Mobile. Social. Augmented. Wearable. What does this all mean for the future of social events? According to James Spellos from Meeting U at the recent Techsy Talk, it’s the direction that event industry technology is headed.

According to the Pew Research Center, nearly two-thirds of Americans are smartphone owners. Of all smartphone owners, 68% use their devices to read the news, 67% share pictures, videos, or commentary about events in their community, 56% learn about community events or activities, and 67% use their phone for turn-by-turn navigation while driving.

When did we become so self-reliant on device that used to be plugged into the wall, required a quarter to make a call, and at one point even required an entire network of employees behind the scenes to “connect” us together? Do you remember when big news (and when I say news, I mean real news; nothing like Lindsey Lohan getting arrested AGAIN) occurred and people huddled around storefront windows to become informed?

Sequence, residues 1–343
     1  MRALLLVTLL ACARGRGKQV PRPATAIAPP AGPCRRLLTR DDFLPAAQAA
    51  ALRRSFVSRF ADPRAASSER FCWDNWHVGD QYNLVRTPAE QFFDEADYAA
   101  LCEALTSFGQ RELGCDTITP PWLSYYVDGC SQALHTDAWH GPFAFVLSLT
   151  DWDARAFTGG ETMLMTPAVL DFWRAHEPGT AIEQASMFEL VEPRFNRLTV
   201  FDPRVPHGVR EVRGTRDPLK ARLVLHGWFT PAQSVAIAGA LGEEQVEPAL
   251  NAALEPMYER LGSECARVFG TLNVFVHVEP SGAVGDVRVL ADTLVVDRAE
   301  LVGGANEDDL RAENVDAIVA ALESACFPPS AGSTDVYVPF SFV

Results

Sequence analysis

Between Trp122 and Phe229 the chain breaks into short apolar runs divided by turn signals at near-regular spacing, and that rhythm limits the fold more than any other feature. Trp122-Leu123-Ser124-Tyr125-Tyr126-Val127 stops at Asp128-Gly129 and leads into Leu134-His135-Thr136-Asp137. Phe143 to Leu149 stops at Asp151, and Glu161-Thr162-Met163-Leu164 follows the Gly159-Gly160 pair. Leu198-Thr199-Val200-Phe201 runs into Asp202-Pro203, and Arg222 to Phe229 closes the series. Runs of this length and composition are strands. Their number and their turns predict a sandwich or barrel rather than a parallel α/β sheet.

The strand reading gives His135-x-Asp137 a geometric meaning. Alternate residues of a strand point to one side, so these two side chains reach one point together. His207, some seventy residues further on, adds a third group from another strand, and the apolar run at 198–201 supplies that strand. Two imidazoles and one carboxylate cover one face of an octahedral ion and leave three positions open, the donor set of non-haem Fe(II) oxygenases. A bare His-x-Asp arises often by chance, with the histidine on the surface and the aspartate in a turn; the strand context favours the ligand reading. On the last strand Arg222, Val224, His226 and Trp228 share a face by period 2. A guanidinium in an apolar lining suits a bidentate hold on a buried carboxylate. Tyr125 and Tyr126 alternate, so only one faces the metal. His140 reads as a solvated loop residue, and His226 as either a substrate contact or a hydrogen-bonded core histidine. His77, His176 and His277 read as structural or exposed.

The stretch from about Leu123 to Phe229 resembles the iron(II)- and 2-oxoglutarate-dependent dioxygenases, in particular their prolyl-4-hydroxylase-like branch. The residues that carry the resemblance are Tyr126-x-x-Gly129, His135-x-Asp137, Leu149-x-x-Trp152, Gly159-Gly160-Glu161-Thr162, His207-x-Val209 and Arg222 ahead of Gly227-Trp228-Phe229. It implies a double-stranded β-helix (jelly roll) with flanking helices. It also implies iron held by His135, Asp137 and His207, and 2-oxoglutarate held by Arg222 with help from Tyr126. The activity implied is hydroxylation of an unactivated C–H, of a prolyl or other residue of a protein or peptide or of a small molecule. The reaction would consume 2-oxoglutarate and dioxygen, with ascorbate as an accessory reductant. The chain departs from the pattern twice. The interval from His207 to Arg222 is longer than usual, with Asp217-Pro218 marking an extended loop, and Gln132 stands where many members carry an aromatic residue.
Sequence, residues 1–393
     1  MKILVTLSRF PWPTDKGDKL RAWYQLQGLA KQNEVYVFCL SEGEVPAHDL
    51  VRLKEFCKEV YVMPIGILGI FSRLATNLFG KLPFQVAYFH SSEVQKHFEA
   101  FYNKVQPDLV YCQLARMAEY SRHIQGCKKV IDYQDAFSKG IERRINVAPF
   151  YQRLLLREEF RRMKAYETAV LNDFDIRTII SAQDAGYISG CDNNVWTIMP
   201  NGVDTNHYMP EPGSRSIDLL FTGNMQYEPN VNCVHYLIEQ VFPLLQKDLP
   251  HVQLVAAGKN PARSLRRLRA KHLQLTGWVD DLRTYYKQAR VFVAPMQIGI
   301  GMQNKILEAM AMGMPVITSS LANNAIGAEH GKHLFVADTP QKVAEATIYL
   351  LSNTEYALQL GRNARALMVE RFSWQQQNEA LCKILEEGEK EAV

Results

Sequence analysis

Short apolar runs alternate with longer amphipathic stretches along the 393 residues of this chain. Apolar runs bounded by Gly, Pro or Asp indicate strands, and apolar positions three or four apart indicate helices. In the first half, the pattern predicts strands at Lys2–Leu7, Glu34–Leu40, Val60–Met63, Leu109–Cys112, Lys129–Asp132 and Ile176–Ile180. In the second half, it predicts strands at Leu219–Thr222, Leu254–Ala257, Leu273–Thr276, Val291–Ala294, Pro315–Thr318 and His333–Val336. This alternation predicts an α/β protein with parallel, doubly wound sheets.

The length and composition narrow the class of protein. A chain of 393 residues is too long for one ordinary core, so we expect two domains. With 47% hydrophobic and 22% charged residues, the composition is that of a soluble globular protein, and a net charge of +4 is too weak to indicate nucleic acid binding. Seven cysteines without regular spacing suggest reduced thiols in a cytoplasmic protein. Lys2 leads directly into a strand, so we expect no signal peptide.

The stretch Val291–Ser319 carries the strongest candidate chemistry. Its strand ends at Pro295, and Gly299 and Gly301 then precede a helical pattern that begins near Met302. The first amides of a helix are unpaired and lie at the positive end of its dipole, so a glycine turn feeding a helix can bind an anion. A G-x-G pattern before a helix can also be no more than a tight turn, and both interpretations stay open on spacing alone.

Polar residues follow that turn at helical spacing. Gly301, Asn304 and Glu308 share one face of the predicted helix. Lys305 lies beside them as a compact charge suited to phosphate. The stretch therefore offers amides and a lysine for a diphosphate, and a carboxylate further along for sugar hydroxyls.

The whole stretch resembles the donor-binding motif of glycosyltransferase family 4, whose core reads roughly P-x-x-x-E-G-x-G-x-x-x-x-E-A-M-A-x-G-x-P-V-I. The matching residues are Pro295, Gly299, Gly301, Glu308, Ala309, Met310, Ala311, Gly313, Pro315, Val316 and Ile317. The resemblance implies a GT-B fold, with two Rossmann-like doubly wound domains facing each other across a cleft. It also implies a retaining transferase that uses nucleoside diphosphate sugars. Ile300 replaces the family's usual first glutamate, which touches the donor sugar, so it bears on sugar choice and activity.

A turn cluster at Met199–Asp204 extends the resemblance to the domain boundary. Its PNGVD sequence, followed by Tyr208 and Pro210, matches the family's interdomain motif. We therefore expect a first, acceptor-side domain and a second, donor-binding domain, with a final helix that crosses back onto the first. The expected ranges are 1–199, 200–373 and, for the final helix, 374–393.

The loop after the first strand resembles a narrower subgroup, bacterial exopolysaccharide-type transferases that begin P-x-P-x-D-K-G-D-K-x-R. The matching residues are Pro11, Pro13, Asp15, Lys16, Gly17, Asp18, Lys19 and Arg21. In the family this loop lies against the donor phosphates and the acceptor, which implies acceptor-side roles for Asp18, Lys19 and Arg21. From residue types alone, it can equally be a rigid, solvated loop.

My addiction to the news started when I was very young. I watched CNN Headline News religiously and knew my regular news would be at the top and thirty minutes of every hour, finance every 15 and 45 minutes, and most importantly (at least to me back then) was that sports would happen every 20 and 50 minutes. I could never have imagined at that time that the smartphone would essentially give me the ability to watch the news (and non-news) anywhere, anytime, in REAL time.

It’s no coincidence that Apple has turned their focus to watches and taken over one of the most successful wireless headphones brands, Beats by Dre. People love tchotchkes and in no way am I implying that the new Apple Watch is a cheap giveaway that a vendor may give out as a takeaway. What I am implying is that I believe Mr. Spellos has hit the nail on the head. Mobile, Social, Augmented, Wearable items in our immediate future.

It’s fun to think of the possibilities. Maybe the giveaway pen that we see given away at every hotel now can track where our attendees stay. Perhaps the lanyard allows us to track our guests’ experiences in specific cities so we can give them a better experience the next year. Maybe the notepads that we spread across tables allows the speaker to analyze real time how engaging they are based on the notes, keywords, and phrases that the audience is writing down?

One cannot predict the future, but by dreaming big you can help shape it.